Understanding Trump’s Tax Reform

President Trump campaigned on substantial tax reform and his proposal appears to offer significant changes. Whether you agree or disagree with his policies, it’s important to understand what’s being proposed. Here are the more important provisions of the Administration’s plan.

President Trump proposes four simple goals: (1) tax relief for the middle class; (2) simplify the tax code; (3) grow the American economy; and (4) don’t increase the debt and the deficit.

Here’s how he intends to achieve these objectives:

• If you are single and earn less than $25,000 or married and earn less than
$50,000 you will pay zero federal income tax. This removes 50% of the
American population from the tax rolls.

• There are currently seven income tax brackets. The tax brackets will be
reduced to three – 10%, 20% and 25%.

• Corporate income taxes will be substantially reduced to 15%.

• In addition, Trump proposes repealing the federal estate tax in
its entirety.

The tax cuts are purported to be revenue neutral by reducing or eliminating some deductions and loopholes, repatriating corporate cash being currently held overseas and eliminating corporate and special interests loopholes.

Under the current estate tax law an individual may pass up to $5,490,000 free of federal estate tax. That means that a husband and wife may pass up to almost $11,000,000 without paying any estate taxes. Amounts in excess of $11,000,000 are taxed at a rate of 40%. Obviously this impacts very few people, but those that it does affect have historically needed to do significant planning to avoid the estate tax.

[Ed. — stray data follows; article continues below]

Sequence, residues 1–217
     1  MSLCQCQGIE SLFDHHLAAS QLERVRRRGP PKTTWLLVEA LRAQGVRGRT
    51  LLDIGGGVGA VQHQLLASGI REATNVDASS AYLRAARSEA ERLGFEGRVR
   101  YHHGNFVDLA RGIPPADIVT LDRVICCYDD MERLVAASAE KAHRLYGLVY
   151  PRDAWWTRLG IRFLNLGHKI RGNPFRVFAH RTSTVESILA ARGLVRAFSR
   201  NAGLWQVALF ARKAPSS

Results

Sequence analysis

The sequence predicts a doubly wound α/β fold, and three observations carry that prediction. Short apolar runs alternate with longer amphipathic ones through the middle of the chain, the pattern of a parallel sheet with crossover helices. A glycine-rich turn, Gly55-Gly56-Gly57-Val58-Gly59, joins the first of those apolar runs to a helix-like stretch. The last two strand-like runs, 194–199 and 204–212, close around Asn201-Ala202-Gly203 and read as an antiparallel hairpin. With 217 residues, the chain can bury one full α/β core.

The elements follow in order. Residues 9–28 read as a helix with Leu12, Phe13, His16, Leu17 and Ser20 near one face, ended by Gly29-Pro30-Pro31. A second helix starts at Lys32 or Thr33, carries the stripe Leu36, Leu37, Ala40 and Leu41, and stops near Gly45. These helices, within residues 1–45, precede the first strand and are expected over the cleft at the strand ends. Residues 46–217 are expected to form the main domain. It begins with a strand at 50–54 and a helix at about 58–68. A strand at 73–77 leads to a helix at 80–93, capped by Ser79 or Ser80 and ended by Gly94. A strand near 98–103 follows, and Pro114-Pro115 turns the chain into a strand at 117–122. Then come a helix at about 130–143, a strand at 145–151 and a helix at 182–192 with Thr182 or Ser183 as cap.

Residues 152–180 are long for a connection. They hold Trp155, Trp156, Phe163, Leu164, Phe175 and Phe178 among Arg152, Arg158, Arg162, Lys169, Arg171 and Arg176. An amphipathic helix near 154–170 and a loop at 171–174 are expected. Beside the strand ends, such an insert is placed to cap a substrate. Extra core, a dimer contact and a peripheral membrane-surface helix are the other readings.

Part of President Donald Trump’s tax platform is a repeal of the federal estate tax. For most Americans, with an exemption amount of $5,490,000 the federal estate tax has effectively been repealed for years. Although Republicans control the House, Senate and the White House, the lack of 60 seats in the Senate means that any legislation repealing the federal estate tax is likely to be filibustered. Repeal legislation could be passed with a simple majority as part of the budget reconciliation process, but such legislation is likely to contain a ten year sunset provision. This means that the estate tax would be re-instated after a ten year period. Even if repeal happens, it is likely that the gift tax will remain in place. If the generation skipping tax is repealed, this could offer significant planning opportunities for wealthy families.

At least as to estate tax reform, for 99% of us, none of this matters. Whether repeal happens or not there are still important reasons to establish revocable living trusts- probate avoidance, control of assets, protection of assets from second marriages, asset protection and income tax planning, among other reasons. The estate tax issue is just one piece of the puzzle that should be addressed in establishing a comprehensive estate plan.


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